-- Joe D., Scratham, N.H.
I've heard a lot of good things about Iglesias, and he could well be Boston's shortstop of the future. But it might be a little ambitious to slot him at that spot on Opening Day of 2010. As for Gonzalez, there is a mutual option for $6 million. I think he would welcome a return to Boston. But the Red Sox will probably try to gauge the rest of their lineup first before deciding if Gonzalez is the right fit to be the everyday shortstop.
Do you think the Red Sox will try to acquire Adrian Gonzalez next year? If this is so, what will happen in the lineup and the defense with Kevin Youkilis, David Ortiz, Mike Lowell and Victor Martinez also there? Thanks.
-- Roal T., Chihuahua, Mexico
The Red Sox will be after an impact bat this winter, and Gonzalez figures to be at or near the top of their list. The problem is going to be finding an offer compelling enough to make the Padres bite. As for how the other pieces would fit on the team once Gonzalez got there, the Red Sox will gladly deal with that problem if it happens. Until then, Epstein and his crew will be more consumed with finding a quality slugger rather than figuring out how that person fits into the landscape of the current roster.
Will Jason Bay stay with the Sox?
-- David O., Methuen, Mass.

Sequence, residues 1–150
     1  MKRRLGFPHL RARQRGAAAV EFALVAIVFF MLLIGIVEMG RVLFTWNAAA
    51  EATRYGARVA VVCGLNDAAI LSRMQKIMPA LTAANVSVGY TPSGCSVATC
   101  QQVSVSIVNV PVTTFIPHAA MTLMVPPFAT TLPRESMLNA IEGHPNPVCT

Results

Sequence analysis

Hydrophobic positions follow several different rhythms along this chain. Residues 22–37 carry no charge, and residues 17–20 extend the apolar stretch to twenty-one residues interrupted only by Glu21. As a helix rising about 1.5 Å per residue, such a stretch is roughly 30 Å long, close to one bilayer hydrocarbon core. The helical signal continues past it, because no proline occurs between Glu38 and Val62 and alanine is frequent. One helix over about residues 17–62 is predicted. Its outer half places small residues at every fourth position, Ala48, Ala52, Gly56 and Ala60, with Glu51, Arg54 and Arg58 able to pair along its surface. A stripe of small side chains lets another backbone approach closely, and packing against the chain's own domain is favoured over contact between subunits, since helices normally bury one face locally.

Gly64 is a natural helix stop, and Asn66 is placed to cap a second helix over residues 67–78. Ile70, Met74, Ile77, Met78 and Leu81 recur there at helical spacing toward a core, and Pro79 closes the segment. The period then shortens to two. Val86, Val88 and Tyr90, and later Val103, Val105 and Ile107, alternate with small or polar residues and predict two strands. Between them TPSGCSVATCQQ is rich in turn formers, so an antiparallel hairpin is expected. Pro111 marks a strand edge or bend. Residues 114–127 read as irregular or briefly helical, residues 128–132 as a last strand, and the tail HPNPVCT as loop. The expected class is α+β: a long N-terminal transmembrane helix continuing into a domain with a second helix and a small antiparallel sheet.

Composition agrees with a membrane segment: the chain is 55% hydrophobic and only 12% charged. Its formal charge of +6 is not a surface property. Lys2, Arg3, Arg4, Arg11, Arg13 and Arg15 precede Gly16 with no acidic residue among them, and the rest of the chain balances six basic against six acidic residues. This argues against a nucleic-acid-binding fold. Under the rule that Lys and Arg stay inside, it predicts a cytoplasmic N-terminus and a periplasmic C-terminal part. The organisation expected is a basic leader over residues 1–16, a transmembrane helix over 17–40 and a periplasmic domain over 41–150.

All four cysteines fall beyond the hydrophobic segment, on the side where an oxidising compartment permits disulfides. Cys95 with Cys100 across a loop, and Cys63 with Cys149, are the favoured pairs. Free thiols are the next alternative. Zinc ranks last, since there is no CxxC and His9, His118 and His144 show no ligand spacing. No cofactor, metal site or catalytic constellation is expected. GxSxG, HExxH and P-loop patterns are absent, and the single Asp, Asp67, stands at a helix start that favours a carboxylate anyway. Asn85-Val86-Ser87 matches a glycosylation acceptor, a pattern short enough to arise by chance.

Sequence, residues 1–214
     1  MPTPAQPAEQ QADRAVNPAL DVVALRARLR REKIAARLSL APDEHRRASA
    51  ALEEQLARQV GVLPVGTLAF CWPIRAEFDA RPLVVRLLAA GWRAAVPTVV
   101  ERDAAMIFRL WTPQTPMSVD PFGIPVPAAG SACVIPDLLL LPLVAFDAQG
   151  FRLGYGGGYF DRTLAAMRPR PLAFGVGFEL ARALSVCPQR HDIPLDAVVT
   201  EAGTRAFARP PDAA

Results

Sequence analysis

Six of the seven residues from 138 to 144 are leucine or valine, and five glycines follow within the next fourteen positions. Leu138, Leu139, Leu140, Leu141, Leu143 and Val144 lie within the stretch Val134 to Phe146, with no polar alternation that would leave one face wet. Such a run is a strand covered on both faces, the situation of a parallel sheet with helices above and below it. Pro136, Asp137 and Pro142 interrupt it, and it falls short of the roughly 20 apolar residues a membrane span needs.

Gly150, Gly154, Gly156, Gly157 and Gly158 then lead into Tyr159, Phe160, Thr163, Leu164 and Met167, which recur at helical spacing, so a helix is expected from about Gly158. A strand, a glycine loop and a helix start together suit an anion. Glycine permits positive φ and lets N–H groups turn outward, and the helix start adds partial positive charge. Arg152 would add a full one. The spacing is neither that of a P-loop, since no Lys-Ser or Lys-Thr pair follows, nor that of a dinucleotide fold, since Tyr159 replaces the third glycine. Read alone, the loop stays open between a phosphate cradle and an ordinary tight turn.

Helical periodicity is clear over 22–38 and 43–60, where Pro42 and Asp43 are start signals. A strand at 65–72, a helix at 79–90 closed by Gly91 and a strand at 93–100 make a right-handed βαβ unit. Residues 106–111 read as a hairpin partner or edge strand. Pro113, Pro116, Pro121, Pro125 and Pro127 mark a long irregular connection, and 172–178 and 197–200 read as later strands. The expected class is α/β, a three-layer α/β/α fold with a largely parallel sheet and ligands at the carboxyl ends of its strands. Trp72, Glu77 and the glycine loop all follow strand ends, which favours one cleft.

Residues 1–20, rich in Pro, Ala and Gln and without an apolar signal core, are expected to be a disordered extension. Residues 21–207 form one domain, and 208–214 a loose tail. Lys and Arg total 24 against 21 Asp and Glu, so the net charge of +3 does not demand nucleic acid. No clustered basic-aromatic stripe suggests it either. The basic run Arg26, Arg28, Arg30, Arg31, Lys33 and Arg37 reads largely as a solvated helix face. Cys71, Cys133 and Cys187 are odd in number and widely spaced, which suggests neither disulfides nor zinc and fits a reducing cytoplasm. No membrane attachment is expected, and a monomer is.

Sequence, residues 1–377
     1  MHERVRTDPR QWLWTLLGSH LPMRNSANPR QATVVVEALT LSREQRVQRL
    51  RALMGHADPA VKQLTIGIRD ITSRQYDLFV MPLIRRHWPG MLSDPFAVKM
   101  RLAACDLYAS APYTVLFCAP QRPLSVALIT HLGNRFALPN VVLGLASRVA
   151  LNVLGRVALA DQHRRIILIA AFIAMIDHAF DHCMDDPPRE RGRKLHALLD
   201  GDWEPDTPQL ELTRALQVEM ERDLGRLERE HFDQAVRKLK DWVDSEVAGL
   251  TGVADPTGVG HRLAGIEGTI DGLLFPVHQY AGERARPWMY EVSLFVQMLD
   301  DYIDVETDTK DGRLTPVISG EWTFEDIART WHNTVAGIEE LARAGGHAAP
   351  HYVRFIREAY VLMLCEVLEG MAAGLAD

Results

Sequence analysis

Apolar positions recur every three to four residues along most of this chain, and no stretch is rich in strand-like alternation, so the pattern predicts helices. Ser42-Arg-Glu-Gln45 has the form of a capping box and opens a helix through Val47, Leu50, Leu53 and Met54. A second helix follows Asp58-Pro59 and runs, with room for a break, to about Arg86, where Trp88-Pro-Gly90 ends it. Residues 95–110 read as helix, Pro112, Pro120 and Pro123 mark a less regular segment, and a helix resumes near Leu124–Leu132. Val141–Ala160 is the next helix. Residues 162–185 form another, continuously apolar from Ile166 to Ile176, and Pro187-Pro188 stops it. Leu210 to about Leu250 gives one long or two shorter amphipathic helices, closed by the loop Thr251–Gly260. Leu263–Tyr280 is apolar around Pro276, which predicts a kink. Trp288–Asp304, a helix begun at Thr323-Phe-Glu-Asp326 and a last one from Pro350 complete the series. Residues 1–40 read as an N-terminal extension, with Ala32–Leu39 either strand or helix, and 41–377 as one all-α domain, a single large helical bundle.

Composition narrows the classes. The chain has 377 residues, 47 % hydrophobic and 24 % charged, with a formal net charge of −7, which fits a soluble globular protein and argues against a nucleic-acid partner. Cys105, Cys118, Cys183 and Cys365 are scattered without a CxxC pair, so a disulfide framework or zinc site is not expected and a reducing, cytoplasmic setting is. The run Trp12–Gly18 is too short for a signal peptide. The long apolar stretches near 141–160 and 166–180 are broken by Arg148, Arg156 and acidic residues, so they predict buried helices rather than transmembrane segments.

Way too early to tell. I think the Red Sox would definitely love to have Bay back. Left fielders who are good for 30 homers and 100 RBIs every year don't grow on trees. That said, they also come at a price, especially in a free-agent year. In previous attempts to make a deal, Bay and the Sox could not find common ground. Someone is going to have to give -- or maybe both sides need to give a little -- if it's going to happen now. I think all sides would be happy if they can come to an agreement.
Does it not make sense for the Sox to look for a new catcher for next year and move V-Mart to first, Youk to third and make Lowell our designated hitter?
-- Kurt P., Philadelphia
The Red Sox have a goal of trying to put as many players who are above league average, offensively, at each position. That said, it is very hard to find catchers who are well above the league average, which is why I think Martinez stays behind the plate the majority of the time. That said, Boston will give Martinez his share of time at first and DH to keep him fresh.
After his first full year in the Minors, where does Casey Kelly stand in regards to his ultimate position?
-- Paul Z., Hamburg, Mass.
Kelly is currently playing shortstop in the Arizona Fall League. In about a month or so, the Red Sox and Kelly are expected to sit down and determine what the best plan is for him going forward. I think it's still more probable that he will wind up a pitcher. The scouts love his poise and arsenal from the mound. While Kelly is very gifted defensively, it's still unknown what kind of hitter he can be.
Ian Browne is a reporter for MLB.com. This story was not subject to the approval of Major League Baseball or its clubs.